Digital Processing Workflow
From OCAU Wiki
If you're using a Digital SLR, more than likely you'll be shooting in RAW mode. RAW allows you to perform many more tweaks to your pictures in post processing than if you shoot in JPG mode. It's also likely that a JPG produced on your PC from a RAW image will be higher quality than that produced by your camera.
There are many different RAW formats - pretty much one for every manufacturer. Because of this, you will more than likely want to convert your photos into another format for post processing, viewing and printing.
A general digital processing workflow might look something like this:
- Copy your RAW files from your camera to your PC
- You may at this point like to convert your RAW files to the Adobe 'standard' DNG format. There is a free converter available from Adobe. Other than a more standard format, DNG files are up to 50% smaller than some manufacturer-specific RAW formats
- Use a RAW converter (see Photography_Software) to browse your pictures. Some converters such as Lightroom and RSE will allow you to rank your images for easier navigation.
- Make adjustments such as white balance and exposure to the images you plan to output
- For images you would like to print, perform post processing on or publish to the web, convert from RAW to a non-compressed format, usually TIFF (16bit preferably, if your editor supports it)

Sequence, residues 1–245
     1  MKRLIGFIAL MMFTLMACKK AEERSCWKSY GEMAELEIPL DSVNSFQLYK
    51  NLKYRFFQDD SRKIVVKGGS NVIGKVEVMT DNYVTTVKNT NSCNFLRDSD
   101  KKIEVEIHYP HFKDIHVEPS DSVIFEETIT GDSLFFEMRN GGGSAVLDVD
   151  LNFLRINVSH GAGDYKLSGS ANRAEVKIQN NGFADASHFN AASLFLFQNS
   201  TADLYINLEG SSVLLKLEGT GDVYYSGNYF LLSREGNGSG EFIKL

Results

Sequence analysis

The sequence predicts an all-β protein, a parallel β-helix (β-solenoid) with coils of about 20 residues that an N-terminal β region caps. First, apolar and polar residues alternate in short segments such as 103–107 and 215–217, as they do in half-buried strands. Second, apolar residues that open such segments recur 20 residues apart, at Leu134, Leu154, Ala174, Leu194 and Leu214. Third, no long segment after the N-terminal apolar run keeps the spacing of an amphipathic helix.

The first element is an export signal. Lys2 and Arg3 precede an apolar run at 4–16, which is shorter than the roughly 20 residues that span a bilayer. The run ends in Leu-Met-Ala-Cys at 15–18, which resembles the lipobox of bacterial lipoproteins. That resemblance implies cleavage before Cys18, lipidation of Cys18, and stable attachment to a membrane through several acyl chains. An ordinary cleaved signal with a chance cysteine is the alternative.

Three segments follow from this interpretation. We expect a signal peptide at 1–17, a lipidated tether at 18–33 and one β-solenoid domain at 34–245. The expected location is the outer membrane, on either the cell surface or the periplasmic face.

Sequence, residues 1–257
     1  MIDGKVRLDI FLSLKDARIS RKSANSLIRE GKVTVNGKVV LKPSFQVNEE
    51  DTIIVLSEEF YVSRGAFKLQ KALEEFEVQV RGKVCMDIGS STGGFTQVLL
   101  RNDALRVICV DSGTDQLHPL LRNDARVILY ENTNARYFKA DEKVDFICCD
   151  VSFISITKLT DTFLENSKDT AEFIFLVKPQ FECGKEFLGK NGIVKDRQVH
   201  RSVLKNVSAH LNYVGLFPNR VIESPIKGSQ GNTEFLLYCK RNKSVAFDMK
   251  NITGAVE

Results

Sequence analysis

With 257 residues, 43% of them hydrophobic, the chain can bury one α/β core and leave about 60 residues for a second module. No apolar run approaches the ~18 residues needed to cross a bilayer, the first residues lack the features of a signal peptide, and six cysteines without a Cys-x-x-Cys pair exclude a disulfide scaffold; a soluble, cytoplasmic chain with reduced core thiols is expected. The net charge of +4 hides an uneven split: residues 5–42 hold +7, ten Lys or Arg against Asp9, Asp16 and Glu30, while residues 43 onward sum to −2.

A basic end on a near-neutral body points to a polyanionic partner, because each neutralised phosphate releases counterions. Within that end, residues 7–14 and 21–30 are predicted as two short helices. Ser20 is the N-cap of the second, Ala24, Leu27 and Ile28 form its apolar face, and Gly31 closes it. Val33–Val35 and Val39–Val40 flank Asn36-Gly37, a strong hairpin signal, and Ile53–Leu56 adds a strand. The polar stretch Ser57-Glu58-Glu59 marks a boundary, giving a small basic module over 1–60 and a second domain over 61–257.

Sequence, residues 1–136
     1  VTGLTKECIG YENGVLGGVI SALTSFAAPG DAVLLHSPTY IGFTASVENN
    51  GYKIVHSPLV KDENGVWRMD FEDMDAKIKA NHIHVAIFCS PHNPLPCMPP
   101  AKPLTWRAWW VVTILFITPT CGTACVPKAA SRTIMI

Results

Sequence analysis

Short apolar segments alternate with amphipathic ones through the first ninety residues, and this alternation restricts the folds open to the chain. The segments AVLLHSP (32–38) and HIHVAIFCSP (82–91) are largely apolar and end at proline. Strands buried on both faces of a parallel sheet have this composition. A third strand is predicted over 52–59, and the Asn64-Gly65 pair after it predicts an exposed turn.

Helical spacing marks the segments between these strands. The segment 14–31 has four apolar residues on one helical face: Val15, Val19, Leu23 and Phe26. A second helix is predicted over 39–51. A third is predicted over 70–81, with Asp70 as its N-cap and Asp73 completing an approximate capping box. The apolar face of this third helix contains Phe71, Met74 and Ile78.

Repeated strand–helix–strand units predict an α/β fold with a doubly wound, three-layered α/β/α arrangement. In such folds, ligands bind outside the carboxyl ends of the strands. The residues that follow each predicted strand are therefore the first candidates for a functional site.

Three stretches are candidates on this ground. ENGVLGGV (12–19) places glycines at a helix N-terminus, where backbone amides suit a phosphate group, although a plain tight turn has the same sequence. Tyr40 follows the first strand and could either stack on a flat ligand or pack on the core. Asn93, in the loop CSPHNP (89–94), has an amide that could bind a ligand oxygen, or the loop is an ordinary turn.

- For 'happy snaps' that will only be viewed on your computer, convert from RAW to JPG
- Perform any post processing in your image editor of choice (see Photography_Software) on the TIFF images
- You may like to save your changes in a format native to your editor (PSD for Photoshop, XCF for GIMP) so that extra information can be kept.
- Once you are happy with your image:
- If you intend to print it, Save a Copy as TIFF
- For viewing on your PC, you may also like to save a full size copy in JPG format
- If you intend to publish to the web, resize (a copy of) the uncompressed image, then save as JPG. Resizing a compressed (JPG) image can drastically reduce the quality of your photo. Also make sure the colour profile is set to sRGB, or else the web browsers will NOT display the image correctly.
Remember to back up your work. Hard drive space is much cheaper than the time you put into taking and editing the photos! Also remember, you don't need to convert every photo you take from RAW. Part of the art of photography is choosing what you want people to see - 15 near-identical pictures won't help convince your audience of your skill.
Dedicated Workfolw Software
The use of catalogging software such as Adobe Photoshop Lightroom (Windows/Mac) or Apeture (Mac) will eliminate the manual conversion. These programs maintain a "catalog" in which all your original RAW/JPEG files are stored in. When you update their metadata / make image adjustments / add keywords ect, these application will add this data to the "catalog". When you export your images these catalog settings are applied to the original photo. These "non-destructive" editors will always keep your original RAWs/JPEGs intact.